Perhaps this has happened to you. You walk into the doctor’s or the dentist’s office and you find a sign like the one shown at right. “Parents: Due to new HIPAA and OSHA regulations you are not permitted beyond this point!”
What can you do? And what should you do?
For many, the first response is disbelief, followed by anger. Maybe you’re thinking, as a commenter on our Facebook post of this weekend did, “Whole lotta NOPE going on right here!” But the best response is generally to talk with the staff.
Some practices really do fail to respect the special role parents play in a young patient’s life. But most professionals understand and appreciate what parents bring to the table. (And as another commented, it is often not the doctor but overreaching government that is pushing them to “police” you anyway. The doctor may well be on your side!)
So start with a practice you trust. If you are new to an area, ask around. Go in and “interview” the office. Learn their reputation. Then, as one dental professional suggested, go yourself before you take your child. Were you comfortable enough with them when they cleaned your teeth to let them work on your child as well? (Obviously this advice is of no use in the emergency room, but great for the dentist or family doctor.)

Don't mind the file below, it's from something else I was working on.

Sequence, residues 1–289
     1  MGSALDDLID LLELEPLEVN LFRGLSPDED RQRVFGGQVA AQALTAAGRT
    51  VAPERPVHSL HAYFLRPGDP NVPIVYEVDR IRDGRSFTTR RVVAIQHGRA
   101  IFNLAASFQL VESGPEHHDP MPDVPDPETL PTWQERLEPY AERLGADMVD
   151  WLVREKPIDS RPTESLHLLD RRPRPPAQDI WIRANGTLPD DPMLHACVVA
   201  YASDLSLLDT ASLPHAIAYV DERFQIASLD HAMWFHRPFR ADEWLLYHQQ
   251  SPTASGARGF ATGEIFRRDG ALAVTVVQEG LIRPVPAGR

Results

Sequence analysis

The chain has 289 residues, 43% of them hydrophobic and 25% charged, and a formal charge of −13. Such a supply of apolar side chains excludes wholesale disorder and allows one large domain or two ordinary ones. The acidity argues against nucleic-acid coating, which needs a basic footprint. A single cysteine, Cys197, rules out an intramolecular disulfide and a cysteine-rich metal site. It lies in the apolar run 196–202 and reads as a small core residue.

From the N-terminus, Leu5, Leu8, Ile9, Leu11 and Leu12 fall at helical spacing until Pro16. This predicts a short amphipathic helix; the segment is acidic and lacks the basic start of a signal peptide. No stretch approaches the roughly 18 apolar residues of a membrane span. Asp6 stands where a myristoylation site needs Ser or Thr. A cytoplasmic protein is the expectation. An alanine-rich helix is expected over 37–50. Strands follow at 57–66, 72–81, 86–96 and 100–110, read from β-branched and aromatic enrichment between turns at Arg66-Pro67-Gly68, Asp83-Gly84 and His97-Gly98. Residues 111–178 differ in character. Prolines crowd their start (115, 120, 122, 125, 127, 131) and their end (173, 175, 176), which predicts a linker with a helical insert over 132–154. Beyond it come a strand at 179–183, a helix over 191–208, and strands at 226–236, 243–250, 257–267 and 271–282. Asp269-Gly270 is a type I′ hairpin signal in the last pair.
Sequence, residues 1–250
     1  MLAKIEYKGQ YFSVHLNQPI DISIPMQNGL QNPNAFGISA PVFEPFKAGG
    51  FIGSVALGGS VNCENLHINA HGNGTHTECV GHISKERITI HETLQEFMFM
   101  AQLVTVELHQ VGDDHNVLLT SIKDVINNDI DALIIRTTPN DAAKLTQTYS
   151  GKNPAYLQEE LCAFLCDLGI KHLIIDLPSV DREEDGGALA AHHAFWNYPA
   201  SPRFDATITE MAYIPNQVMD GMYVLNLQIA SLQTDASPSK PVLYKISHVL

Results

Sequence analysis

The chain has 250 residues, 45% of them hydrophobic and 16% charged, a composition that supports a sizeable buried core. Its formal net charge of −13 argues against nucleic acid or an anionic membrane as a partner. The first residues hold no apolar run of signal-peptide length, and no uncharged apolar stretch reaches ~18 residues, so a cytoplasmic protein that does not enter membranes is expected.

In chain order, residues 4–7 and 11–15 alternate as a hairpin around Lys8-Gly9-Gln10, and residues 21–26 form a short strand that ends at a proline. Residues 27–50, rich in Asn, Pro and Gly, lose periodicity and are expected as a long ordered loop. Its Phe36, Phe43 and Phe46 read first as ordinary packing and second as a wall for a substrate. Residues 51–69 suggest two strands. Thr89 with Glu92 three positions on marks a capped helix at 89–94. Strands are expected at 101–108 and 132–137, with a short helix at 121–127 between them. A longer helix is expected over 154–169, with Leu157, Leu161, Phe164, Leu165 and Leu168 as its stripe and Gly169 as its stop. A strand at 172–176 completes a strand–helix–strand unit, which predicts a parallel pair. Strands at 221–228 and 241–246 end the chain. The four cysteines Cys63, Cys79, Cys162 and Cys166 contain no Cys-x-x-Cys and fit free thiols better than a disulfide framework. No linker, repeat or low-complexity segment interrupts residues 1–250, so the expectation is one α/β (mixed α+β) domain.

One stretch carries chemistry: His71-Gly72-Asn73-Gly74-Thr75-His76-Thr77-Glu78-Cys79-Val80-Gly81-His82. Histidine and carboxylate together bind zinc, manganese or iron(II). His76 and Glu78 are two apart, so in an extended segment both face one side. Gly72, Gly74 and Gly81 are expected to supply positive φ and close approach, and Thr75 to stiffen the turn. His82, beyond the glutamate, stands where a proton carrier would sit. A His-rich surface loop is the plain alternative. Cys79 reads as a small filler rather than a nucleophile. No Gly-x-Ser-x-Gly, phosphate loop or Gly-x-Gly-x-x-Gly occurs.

You might assume, as many did when we posted this picture (and as we did ourselves) that the dentist is claiming falsely that new HIPAA guidelines require them to separate parent from child to protect the child’s privacy. What we learned from the West Virginia dentist’s office where this picture was taken, however, was that their office’s open floor plan forces them to balance parental rights against the privacy of the person in the next bay over. Parents, however, are always included in their child’s exam and all decision making. When they saw how their sign was misunderstood, they quickly took it down, and they have assured us that they respect the role of parents with their children.
In the case of Michigan mother Christy Duffy two months ago, it took a public outcry to drive the hospital to back away from its posted policy. In this current case, all it took was a conversation. (The practice also received a good deal of heat from our post, but that proved to be unnecessary.)
So talk to your doctor or dentist. If you see a sign like this one, ask them about it. If it is truly their intention to stand between you and your child, find a new doctor. If it is not, you might graciously suggest they fix their sign. Either way, both your children and our cause will be served best by a polite and civil discourse for as long as that is possible.
Director of Communications & Research
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